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An alternative way to a high school diploma

An alternative way to a high school diploma?
An alternative way to a high school diploma?
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The governor of the state of Louisiana has recently signed a bill that backers say will offer students with disabilities a new route to obtaining a high school diploma. But according to news sources, two national groups have issued a report criticizing this measure.

The key change in this legislation is that the student’s Individualized Education Plan (IEP) Team or the Multi-Factored Evaluation (MFE)Team will have the means to devise an alternative way to graduation with a high school diploma, no matter how the student achieves on the mandatory standardized tests.

Critics of this plan, Boston-based Center for Law and Education, a national disabilities advocacy group as well as the Advocacy Institute in Washington D.C., a not-for-profit group that aids the disabled, believe that this change gives the student’s IEP or MFE team too much authority. It would permit them to establish much lower standards for students with disabilities as well as distort Louisiana’s graduation rate.

The state of Louisiana currently has approximately 70,000 students with disabilities, including learning disabilities, speech and language concerns, autism, hearing and vision problems. The currently graduation rate for these students is 29% for those students with disabilities earning a traditional high school diploma.

Proponents of the law feel that it is appropriate to provide an alternative pathway with a high school diploma, not just a symbolic gesture. The measure went quickly through the state legislature and the governor signed it with little publicity. Opponents to the law believe that the new law will lower academic standards for students with disabilities and encourage schools to direct students into a less rigorous curriculum in order to improve the schools’ state rating.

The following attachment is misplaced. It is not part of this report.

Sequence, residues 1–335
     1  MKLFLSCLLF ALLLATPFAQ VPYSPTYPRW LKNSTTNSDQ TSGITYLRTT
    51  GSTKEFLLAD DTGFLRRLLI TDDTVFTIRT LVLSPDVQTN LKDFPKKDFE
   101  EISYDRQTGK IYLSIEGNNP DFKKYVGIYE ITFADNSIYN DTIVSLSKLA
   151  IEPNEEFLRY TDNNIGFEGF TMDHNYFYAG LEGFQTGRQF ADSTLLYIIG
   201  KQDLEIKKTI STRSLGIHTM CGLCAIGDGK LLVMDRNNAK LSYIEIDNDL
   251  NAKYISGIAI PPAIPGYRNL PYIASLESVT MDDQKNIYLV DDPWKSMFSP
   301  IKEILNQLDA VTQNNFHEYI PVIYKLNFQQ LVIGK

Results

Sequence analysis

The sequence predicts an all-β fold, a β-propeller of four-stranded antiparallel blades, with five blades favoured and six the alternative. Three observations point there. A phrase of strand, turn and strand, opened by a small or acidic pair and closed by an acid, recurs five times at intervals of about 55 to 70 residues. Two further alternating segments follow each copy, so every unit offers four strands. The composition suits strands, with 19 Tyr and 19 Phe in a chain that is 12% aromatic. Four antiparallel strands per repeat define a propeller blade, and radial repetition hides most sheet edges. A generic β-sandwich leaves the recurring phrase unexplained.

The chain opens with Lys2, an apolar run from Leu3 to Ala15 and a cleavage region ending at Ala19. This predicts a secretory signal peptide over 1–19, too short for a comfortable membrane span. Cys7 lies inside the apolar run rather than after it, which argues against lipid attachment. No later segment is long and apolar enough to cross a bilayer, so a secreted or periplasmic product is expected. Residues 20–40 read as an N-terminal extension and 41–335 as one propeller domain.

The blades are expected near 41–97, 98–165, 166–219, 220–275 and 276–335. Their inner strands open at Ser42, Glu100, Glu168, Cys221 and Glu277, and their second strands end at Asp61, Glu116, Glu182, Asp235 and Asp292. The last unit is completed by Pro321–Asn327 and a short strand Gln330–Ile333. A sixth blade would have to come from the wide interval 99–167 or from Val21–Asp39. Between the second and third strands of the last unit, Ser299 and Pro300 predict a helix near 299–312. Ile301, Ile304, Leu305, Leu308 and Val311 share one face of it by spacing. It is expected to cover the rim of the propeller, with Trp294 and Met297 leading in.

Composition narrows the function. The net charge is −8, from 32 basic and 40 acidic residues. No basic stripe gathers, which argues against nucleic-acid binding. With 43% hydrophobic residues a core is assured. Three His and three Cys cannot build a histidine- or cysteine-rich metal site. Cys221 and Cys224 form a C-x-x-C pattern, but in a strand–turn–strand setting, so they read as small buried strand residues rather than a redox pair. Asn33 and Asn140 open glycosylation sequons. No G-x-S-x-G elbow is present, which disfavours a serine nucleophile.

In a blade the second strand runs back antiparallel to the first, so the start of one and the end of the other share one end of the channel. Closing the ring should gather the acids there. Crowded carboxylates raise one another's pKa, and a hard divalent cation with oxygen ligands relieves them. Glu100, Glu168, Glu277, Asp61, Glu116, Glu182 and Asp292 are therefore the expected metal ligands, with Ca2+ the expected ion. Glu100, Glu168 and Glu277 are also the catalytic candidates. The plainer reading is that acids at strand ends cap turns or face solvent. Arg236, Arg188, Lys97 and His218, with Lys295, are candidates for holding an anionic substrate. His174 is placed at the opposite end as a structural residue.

Under current rules, most high school students with disabilities take the same standardized exams as their peers with varying success. The key part of this legislation would give new authority to teachers, district officials, parents and the other team members.

If an IEP determines that a student is not required to meet state or local performance standards, the panel can:

• Spell out alternative "rigorous" goals for the student.
• Devise an instructional program designed to better meet the student’s individualized needs.
• Offer innovative methods for the student to succeed, including flexible scheduling and online instruction.
• Identify a course of study that promotes, in most cases, workforce readiness.

Students who meet the IEP team's new criteria would be eligible for the same career diplomas that their peers earn, which are meant to prepare students for jobs, community or technical colleges.

Backers say the law would affect what state Superintendent of Education John White said are students "that have demonstrated persistent academic struggles” and only a small number of students would be impacted.

However, critics believe the new law gives the student's IEP team too much leeway to devise their own criteria for what a student needs to earn a diploma. The concern is students with disabilities are not being taught to the same standards, not being assessed to the same standards and they may not be receiving effective interventions. The law requires the state Department of Education and the Board of Elementary and Secondary Education to craft rules that will guide IEP teams on whether students need a new route to graduation and how they will demonstrate their skills.

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